According to the Arab Unified Economic Report (1997), Yemen’s Gross Domestic Product (GDP) was US $5840 million in 1996. These figures are higher than the World Bank estimates. Even then it implies on average a GDP of US $356 per capita, which is low by developing country’s standards and Arab standards (US $ 2200 per capita). Even when Yemen’s income is presented in real purchasing power parity dollar (ppp$) it amounts to less than US $1000 per capita compared to US $ 3000 for developing countries and US $6000 average world capita income in (ppp$) in 1996.
Because of its limited and poor resource base, Yemen’s economy has become increasingly dependent on oil exports. Of the $5840 million GDP in 1996, up to 30% were made up by crude oil exports. With the dwindling expatriate remittances, as a consequence of the 1991 Gulf war, oil exports has become the main foreign currency earner for Yemen.
The fact that the Yemen’s economy has become mainly dependent on the export of a single commodity (i.e. oil) whose price is volatile and whose quantity is limited, indicates the narrow base and vulnerability of the Yemen’s economy. The GOY, realizing all this, tried to overcome this vulnerability though the introduction of LNG exports as will be explained later.
In 1998, prices of crude oil tumbled.
Yemen, in spite of slightly increased oil exports, is going to suffer more than its neighbors from the decreasing prices due to its heavy dependence on oil exports for income and foreign currency. Unless improvements in oil price take place, as well as new major oil discoveries in Yemen and improved world LNG market prospects, Yemen’s economy is going to suffer, in the short term at least. Such prospects are going to be accentuated by the growing local oil consumption which is now competing with exports.
The Oil Sector Contribution Potential and Challenges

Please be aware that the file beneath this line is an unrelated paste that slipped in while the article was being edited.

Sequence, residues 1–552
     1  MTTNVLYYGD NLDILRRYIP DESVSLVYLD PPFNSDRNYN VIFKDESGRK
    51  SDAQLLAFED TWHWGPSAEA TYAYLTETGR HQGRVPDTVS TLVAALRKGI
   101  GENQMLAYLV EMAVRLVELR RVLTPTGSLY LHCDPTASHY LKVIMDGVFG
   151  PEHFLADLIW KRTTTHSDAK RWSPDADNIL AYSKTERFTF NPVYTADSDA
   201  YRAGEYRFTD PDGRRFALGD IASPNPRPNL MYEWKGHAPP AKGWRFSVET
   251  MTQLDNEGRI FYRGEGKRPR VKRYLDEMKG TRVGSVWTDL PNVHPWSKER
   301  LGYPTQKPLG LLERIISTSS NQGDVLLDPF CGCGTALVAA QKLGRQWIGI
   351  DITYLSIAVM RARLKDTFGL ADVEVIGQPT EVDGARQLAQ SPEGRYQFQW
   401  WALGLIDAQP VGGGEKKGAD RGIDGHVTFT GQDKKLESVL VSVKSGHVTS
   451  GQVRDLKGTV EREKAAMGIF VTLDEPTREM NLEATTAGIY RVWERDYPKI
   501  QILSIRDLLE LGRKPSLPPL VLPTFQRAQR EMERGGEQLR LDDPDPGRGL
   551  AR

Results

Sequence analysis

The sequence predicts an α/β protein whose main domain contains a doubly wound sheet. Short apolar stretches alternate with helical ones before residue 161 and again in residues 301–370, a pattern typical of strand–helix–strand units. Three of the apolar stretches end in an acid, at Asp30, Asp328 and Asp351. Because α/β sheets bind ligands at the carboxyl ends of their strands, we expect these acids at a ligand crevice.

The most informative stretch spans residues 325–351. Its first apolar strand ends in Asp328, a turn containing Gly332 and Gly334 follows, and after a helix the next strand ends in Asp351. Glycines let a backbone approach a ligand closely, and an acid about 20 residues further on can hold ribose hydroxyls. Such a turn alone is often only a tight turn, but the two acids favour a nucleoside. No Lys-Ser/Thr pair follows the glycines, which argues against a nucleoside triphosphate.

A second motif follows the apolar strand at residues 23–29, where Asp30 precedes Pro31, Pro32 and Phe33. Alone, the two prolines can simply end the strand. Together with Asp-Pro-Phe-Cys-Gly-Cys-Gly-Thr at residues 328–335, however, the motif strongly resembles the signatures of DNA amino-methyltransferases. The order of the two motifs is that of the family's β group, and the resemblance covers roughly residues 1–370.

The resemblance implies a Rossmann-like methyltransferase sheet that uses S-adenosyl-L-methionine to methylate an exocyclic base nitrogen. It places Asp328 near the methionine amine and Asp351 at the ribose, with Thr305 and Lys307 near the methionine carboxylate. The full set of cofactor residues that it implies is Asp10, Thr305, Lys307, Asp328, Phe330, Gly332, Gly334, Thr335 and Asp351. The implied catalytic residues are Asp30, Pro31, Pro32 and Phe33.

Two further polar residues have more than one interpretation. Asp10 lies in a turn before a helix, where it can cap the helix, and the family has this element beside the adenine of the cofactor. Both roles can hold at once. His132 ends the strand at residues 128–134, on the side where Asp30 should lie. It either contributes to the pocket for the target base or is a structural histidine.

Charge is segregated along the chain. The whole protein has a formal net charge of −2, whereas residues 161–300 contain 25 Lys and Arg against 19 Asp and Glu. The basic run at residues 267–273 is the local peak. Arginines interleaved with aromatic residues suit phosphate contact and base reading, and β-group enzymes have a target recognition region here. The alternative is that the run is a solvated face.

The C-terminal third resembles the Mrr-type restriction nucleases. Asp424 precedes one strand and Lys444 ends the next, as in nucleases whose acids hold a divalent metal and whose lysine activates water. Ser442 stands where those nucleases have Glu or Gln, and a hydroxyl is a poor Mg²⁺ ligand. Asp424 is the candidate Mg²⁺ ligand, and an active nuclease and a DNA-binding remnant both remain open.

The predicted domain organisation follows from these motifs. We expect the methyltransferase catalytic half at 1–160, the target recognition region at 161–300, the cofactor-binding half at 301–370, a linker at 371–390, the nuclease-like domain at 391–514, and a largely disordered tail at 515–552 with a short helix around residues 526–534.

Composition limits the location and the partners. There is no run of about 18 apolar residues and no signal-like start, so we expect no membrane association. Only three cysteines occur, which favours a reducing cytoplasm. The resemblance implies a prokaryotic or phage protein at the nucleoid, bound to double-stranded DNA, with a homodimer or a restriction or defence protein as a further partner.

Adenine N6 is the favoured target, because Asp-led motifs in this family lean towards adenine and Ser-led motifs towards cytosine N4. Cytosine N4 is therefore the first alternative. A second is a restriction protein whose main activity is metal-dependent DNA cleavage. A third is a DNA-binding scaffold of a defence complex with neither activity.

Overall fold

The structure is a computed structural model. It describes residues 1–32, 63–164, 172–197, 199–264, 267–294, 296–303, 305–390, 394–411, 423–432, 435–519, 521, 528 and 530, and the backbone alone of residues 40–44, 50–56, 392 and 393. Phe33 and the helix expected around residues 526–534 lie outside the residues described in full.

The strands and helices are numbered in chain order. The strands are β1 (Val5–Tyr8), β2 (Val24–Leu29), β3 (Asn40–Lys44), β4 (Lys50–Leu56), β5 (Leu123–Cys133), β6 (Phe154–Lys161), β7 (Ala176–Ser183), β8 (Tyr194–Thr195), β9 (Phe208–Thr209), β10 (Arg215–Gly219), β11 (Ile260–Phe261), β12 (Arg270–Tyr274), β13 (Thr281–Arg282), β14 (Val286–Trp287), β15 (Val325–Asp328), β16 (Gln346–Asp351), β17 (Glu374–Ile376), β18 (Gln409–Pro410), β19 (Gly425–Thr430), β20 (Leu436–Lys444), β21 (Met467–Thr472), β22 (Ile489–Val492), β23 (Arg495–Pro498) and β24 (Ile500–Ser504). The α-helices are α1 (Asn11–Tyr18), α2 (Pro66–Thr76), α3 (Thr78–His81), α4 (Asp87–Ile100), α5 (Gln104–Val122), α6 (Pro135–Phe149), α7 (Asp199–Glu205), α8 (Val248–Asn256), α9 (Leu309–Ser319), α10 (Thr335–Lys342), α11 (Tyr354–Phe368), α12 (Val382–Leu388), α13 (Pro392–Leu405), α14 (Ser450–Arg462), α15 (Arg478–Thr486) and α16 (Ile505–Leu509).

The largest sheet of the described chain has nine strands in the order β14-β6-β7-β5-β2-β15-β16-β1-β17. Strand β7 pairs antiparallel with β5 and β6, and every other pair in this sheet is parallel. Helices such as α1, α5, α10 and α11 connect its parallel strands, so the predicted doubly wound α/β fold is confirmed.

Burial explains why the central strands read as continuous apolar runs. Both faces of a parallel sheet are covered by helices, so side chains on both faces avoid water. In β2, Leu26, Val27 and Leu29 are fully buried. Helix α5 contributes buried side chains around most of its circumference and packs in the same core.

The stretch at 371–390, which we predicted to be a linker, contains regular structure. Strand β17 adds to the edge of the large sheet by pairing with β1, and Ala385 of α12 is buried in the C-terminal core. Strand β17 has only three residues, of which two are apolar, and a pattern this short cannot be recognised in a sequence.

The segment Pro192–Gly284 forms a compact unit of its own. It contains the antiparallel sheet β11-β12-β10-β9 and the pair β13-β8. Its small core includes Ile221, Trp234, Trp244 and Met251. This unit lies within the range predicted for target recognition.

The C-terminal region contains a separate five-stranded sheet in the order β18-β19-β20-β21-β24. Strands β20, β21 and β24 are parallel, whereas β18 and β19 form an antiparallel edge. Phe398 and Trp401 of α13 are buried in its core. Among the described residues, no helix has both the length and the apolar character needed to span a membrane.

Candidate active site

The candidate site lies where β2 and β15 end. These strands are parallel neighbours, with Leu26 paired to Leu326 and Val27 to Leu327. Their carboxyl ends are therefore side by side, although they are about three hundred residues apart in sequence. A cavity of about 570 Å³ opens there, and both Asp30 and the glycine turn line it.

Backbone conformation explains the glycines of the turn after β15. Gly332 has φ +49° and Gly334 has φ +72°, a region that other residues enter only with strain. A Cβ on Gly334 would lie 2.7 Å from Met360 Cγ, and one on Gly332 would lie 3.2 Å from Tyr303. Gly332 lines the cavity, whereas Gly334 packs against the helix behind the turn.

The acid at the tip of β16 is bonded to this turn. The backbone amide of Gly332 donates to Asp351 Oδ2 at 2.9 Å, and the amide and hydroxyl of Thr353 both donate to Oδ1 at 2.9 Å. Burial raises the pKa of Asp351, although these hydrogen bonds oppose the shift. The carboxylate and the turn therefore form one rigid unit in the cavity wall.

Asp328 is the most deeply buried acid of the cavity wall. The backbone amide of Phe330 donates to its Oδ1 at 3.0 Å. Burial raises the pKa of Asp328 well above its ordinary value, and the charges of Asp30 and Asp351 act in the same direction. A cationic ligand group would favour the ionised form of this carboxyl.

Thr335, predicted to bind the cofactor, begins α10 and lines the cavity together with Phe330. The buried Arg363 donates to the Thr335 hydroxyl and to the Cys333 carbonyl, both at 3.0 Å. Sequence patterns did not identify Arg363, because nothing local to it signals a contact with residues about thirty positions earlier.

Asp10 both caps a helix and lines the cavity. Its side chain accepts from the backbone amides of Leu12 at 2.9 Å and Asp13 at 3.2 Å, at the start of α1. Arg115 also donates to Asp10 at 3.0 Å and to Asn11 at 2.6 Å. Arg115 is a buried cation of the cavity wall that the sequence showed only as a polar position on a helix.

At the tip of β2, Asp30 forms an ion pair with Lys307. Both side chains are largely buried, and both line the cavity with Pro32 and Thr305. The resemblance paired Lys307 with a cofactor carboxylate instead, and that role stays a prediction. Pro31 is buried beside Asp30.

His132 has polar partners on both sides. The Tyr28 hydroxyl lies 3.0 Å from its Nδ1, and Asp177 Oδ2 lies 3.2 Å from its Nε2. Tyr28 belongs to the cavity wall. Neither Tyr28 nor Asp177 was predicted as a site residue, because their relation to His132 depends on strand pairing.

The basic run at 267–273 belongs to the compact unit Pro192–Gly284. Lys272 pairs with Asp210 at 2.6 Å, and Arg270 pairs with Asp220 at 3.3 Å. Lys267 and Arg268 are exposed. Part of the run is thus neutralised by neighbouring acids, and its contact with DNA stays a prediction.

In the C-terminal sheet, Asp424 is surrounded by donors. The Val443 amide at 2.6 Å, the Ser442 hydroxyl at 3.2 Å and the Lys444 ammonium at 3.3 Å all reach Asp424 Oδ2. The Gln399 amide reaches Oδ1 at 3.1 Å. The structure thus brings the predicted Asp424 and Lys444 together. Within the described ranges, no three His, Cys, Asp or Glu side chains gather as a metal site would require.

Yemen is moderately endowed with crude oil resources. It is not possible to exactly estimate the crude oil potential of the country since extensive explorations are still taking place. However present proven crude oil reserves are estimated, by the world oil industry at 4 thousand million barrels and present production rate is 400 thousand barrels per day. Indicating that reserves will suffice for 35-30 years at the present rate of production. Yemen’s reserves are minor when compared to world oil reserves. They represent only 0.4% of the world’s 1000 thousand million barrels reserves and only 1.5% of neighboring Saudi Arabia reserves.
No doubt the oil discovery by the US Hunt Oil company was a major boost to Yemen’s economic fortunes. Although the Yemen-Hunt production sharing agreement (PSA) was not very favorable to Yemen, however the discovery attracted many of the world class oil exploration firms, from whom Yemen was able to extract more favorable PSA terms.
After the first oil discovery, the Yemen Ministry of Petroleum and Mineral Rescues was able to gradually market the country to oil exploration firms. Yemen was divided into 53 separate blocks, some of the them offshore. Early in 1997, seventeen of these blocks were already marketed to 14 different oil companies.
No doubt there is more oil in Yemen than has been discovered. This is obvious from the increasing number of companies willing to undertake PSA. But with the population increasing at the rate of 4% annually and local oil consumption rising up by an average of 5% – 7% per annum, the prospect of oil continuing to buttress the modest Yemen’s economy does not look very promising.
There is need to manage demand for oil products in the local market to enhance export prospects. There is also need to attract more oil exploration firms. Most of Yemen’s blocks are still not allocated and the country’s potential not fully exploited. Therefore Yemen is trying to market its promising oil and gas potential through offering better terms and attracting more companies through a conference on prospects to invest in Yemen’s oil ad gas to be held in Sana’a early in Autumn 1998.